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      Physiology and pathophysiology of the vasopressin-regulated renal water reabsorption

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          To prevent dehydration, terrestrial animals and humans have developed a sensitive and versatile system to maintain their water homeostasis. In states of hypernatremia or hypovolemia, the antidiuretic hormone vasopressin (AVP) is released from the pituitary and binds its type-2 receptor in renal principal cells. This triggers an intracellular cAMP signaling cascade, which phosphorylates aquaporin-2 (AQP2) and targets the channel to the apical plasma membrane. Driven by an osmotic gradient, pro-urinary water then passes the membrane through AQP2 and leaves the cell on the basolateral side via AQP3 and AQP4 water channels. When water homeostasis is restored, AVP levels decline, and AQP2 is internalized from the plasma membrane, leaving the plasma membrane watertight again. The action of AVP is counterbalanced by several hormones like prostaglandin E2, bradykinin, dopamine, endothelin-1, acetylcholine, epidermal growth factor, and purines. Moreover, AQP2 is strongly involved in the pathophysiology of disorders characterized by renal concentrating defects, as well as conditions associated with severe water retention. This review focuses on our recent increase in understanding of the molecular mechanisms underlying AVP-regulated renal water transport in both health and disease.

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          Most cited references 239

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          PKD2, a gene for polycystic kidney disease that encodes an integral membrane protein.

          A second gene for autosomal dominant polycystic kidney disease was identified by positional cloning. Nonsense mutations in this gene (PKD2) segregated with the disease in three PKD2 families. The predicted 968-amino acid sequence of the PKD2 gene product has six transmembrane spans with intracellular amino- and carboxyl-termini. The PKD2 protein has amino acid similarity with PKD1, the Caenorhabditis elegans homolog of PKD1, and the family of voltage-activated calcium (and sodium) channels, and it contains a potential calcium-binding domain.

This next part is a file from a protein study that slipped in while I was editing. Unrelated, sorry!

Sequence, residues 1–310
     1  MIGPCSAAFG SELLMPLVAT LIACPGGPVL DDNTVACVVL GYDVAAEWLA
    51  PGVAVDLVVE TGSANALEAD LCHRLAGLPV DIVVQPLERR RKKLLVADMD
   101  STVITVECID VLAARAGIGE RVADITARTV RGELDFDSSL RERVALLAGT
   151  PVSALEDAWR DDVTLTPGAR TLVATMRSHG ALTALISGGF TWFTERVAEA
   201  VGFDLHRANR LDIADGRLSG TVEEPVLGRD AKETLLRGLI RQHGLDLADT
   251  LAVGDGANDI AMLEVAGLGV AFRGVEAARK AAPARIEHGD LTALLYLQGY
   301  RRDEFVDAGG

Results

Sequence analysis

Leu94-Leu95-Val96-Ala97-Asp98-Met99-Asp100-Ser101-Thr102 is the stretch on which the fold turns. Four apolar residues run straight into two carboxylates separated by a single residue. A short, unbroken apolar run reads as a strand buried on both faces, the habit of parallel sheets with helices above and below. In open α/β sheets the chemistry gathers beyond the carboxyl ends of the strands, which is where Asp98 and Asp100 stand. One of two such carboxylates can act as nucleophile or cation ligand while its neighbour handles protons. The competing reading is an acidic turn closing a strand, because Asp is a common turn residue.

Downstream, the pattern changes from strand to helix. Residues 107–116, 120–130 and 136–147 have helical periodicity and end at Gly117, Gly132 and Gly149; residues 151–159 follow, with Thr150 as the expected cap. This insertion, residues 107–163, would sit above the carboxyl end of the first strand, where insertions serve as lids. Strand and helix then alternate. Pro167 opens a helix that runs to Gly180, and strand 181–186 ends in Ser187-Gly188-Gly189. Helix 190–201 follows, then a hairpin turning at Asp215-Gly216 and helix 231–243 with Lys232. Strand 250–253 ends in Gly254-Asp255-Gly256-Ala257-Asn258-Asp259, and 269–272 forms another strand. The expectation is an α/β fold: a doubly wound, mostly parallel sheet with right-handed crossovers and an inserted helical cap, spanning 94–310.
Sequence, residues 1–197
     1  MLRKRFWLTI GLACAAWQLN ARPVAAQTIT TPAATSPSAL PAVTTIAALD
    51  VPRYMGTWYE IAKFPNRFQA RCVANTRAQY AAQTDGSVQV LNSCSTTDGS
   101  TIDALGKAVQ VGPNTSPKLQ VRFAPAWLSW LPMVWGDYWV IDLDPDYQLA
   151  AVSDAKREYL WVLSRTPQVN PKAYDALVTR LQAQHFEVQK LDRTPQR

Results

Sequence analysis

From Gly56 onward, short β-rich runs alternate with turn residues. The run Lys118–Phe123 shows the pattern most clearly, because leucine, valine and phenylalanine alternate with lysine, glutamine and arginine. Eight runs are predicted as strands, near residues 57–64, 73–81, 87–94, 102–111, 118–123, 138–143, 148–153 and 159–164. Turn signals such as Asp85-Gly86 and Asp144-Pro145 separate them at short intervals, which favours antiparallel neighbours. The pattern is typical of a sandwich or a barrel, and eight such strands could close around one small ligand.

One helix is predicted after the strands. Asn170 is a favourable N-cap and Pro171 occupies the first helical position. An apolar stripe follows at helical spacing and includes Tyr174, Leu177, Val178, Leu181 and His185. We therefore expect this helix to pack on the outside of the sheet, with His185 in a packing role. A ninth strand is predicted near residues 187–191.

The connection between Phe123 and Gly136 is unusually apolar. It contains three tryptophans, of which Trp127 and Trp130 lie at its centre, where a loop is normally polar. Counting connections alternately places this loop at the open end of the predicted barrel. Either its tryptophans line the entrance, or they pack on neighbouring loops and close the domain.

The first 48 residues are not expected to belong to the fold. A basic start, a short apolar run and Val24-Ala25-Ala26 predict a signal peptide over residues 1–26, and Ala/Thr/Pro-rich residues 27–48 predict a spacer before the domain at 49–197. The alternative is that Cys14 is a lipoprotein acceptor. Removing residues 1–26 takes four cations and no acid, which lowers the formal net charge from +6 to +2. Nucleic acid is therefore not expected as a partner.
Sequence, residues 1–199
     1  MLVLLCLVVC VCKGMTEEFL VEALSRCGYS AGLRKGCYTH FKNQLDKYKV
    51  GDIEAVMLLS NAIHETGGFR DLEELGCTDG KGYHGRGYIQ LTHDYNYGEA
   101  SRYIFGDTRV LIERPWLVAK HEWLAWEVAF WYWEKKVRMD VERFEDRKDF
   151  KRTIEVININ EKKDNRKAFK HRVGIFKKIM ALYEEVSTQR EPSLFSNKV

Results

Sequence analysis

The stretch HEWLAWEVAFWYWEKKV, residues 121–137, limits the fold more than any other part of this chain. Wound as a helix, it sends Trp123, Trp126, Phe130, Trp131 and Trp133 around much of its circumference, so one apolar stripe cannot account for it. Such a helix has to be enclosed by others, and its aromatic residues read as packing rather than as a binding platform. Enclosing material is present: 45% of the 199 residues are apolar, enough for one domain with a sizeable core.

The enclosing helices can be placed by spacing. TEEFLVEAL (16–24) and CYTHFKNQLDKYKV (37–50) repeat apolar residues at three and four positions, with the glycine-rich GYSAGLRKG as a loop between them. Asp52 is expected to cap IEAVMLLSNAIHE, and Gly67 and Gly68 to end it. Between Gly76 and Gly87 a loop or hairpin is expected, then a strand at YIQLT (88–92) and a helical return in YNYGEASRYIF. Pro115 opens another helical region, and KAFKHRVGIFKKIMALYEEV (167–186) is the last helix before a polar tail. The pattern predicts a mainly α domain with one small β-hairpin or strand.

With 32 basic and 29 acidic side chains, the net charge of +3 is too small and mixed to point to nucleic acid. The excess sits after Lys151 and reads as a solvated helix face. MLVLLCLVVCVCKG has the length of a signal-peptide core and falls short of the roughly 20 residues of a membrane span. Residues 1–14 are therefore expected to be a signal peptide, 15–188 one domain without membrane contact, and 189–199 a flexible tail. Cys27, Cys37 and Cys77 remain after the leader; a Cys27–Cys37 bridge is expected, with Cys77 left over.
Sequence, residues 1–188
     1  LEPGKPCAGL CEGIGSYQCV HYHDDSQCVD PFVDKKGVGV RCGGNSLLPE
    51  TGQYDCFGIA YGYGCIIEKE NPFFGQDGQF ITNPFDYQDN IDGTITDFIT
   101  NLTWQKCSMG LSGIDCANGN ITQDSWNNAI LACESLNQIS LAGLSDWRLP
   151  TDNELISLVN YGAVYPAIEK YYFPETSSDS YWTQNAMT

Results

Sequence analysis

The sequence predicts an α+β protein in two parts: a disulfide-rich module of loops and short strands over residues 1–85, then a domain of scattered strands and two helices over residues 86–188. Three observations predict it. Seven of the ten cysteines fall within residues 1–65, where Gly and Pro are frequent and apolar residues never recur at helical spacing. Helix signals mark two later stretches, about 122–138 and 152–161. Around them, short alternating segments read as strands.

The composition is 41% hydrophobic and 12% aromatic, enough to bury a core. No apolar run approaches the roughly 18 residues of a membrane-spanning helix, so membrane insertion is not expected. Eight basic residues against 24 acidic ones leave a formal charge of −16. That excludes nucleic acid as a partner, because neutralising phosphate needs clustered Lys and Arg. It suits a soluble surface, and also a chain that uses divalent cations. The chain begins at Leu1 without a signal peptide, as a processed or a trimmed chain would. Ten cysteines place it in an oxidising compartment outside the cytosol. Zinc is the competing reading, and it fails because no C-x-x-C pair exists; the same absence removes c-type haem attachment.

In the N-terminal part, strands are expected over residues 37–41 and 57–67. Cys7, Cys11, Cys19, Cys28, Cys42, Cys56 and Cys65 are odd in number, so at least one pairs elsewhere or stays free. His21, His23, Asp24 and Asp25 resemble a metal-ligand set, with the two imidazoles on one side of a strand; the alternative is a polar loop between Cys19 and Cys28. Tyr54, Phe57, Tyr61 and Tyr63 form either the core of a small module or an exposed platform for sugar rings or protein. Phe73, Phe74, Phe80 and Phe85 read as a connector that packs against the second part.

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            The polycystic kidney disease 1 (PKD1) gene encodes a novel protein with multiple cell recognition domains.

            Characterization of the polycystic kidney disease 1 (PKD1) gene has been complicated by genomic rearrangements on chromosome 16. We have used an exon linking strategy, taking RNA from a cell line containing PKD1 but not the duplicate loci, to clone a cDNA contig of the entire transcript. The transcript consists of 14,148 bp (including a correction to the previously described C terminus), distributed among 46 exons spanning 52 kb. The predicted PKD1 protein, polycystin, is a glycoprotein with multiple transmembrane domains and a cytoplasmic C-tail. The N-terminal extracellular region of over 2,500 aa contains leucine-rich repeats, a C-type lectin, 16 immunoglobulin-like repeats and four type III fibronectin-related domains. Our results indicate that polycystin is an integral membrane protein involved in cell-cell/matrix interactions.
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              Inhibition of renal cystic disease development and progression by a vasopressin V2 receptor antagonist.

              The polycystic kidney diseases (PKDs) are a group of genetic disorders causing significant renal failure and death in children and adults. There are no effective treatments. Two childhood forms, autosomal recessive PKD (ARPKD) and nephronophthisis (NPH), are characterized by collecting-duct cysts. We used animal models orthologous to the human disorders to test whether a vasopressin V2 receptor (VPV2R) antagonist, OPC31260, would be effective against early or established disease. Adenosine-3',5'-cyclic monophosphate (cAMP) has a major role in cystogenesis, and the VPV2R is the major cAMP agonist in the collecting duct. OPC31260 administration lowered renal cAMP, inhibited disease development and either halted progression or caused regression of established disease. These results indicate that OPC31260 may be an effective treatment for these disorders and that clinical trials should be considered.

                Author and article information

                +31-24-3617347 , +31-24-3616413 , P.Deen@ncmls.ru.nl
                Pflugers Arch
                Pflugers Archiv
                Springer-Verlag (Berlin/Heidelberg )
                23 April 2008
                September 2008
                : 456
                : 6
                : 1005-1024
                Department of Physiology (286), Nijmegen Centre for Molecular Life Sciences, Radboud University Nijmegen Medical Centre, P.O. Box 9101, 6500 HB Nijmegen, The Netherlands
                © The Author(s) 2008
                Invited Review
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                © Springer-Verlag 2008


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